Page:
The holiday season is full of things to celebrate. It’s a time to spend with family and loved ones, often while sharing gifts. However, giving gifts can be anxiety-inducing and intimidating for a number of reasons. Everyone’s ways of expressing love are different. The Five Love Languages by Gary Chapman is popularly referenced when describing how individuals convey love — words of affirmation, acts of service, receiving gifts, quality time and physical touch. We’ve included how you can consider each of these this holiday season.
What’s the relationship?
Are they a family member, friend, coworker, significant other? This is a very important factor. How long have you known them? What’s appropriate to give one person may not be for another, like jewelry. It may not be appropriate to give a gift to a coworker at all, depending on the nature of your work relationship. If you’ve never exchanged presents with someone in the past, ask them what they would prefer. This way, there is clear communication.
What are they interested in?
Everyone has opened a present from a well-meaning relative that simply does not know how you enjoy spending time. Knowing a person’s existing hobbies is the safest bet. If they’re artistic, they might appreciate a restock of their most used supplies. If they enjoy cooking, they could benefit from a piece of cookware that they can use to try new dishes. If they have actively expressed disinterest in an activity, you probably won’t be changing their mind no matter how good you think the gift is.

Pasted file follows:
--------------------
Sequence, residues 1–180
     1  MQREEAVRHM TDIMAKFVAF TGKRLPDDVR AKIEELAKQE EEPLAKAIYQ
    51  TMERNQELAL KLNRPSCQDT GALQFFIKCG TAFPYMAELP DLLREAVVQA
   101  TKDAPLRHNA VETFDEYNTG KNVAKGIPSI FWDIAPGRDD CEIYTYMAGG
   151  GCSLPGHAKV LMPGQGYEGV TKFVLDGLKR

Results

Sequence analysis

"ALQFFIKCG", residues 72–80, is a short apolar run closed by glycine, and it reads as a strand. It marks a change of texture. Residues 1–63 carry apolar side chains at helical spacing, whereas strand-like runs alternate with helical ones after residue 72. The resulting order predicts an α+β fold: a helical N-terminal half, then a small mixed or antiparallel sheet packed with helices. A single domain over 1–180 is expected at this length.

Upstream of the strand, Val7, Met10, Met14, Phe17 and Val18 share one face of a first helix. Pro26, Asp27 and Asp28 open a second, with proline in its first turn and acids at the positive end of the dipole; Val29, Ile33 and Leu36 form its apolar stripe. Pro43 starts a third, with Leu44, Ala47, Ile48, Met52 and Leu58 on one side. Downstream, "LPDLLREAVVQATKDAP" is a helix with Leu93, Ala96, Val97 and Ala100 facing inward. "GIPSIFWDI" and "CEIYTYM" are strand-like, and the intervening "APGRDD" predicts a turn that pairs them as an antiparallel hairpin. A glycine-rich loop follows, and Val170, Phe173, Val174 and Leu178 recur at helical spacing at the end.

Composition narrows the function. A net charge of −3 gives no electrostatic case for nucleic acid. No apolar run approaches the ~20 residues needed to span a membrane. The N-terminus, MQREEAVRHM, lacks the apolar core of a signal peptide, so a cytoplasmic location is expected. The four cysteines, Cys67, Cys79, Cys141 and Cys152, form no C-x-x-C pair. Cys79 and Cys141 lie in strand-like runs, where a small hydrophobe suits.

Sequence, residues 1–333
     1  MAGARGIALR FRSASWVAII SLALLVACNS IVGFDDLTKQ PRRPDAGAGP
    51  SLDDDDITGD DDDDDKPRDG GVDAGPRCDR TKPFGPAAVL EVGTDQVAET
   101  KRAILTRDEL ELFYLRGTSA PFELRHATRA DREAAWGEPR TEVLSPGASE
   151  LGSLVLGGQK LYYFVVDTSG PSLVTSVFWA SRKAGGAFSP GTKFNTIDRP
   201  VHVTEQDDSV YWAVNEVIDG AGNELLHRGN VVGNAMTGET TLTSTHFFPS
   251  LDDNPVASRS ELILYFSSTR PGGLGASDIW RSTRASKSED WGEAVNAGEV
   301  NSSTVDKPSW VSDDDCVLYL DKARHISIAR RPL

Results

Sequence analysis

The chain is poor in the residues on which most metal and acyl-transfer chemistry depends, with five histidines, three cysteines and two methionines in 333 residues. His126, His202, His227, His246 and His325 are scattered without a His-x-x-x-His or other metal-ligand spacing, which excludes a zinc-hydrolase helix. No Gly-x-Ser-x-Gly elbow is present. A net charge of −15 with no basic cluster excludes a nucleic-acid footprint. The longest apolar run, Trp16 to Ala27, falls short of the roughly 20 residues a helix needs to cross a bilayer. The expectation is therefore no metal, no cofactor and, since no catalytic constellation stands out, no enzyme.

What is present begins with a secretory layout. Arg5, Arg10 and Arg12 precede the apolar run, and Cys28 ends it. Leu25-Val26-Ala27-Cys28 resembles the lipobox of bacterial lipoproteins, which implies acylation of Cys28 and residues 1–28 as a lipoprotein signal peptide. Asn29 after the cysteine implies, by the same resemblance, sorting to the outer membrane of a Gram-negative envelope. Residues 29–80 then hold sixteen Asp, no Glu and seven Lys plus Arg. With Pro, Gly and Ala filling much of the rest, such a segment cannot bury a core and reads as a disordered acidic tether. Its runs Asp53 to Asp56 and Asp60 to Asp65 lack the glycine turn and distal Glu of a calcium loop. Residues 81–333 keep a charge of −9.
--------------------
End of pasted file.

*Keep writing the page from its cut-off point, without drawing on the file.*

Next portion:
What might they need?
What stage of life is the gift recipient in? Some people value experiences over items. Both are worth considering when deciding how to appreciate someone with a gift. Concert tickets, guided tours, sports games and outings to botanical gardens or museums are experiences that may not be an item but are still legitimate gifts. Have they been needing to replace an old device or repair one that is broken? Maybe they have wanted a specific brand for years but have never made the time to purchase it for themselves. Showing that you know your friend’s needs is a great way to demonstrate your interest and care for what’s going on in their life.
Do some recon!
If you find yourself wracking your brain for ideas with little success, it never hurts to ask the people in the gift recipient’s life what they would like. Ask the people around them who they spend the most time with, like siblings or roommates. Platforms like TikTok can also be a great place to find gift ideas if you’re struggling.
Don’t stress about the finances.
We aren’t always in the position to give gifts, or give gifts in the capacity that we would like to. This is nothing to be ashamed about. It’s important that you look after your own financial security even if you’re looking to get things for loved ones. If you’re struggling with buying a gift, homemade cards, artwork and food are sentimental ways to gift.
What are your best tips for gift-giving? Tweet us and let us know @VALLEYmag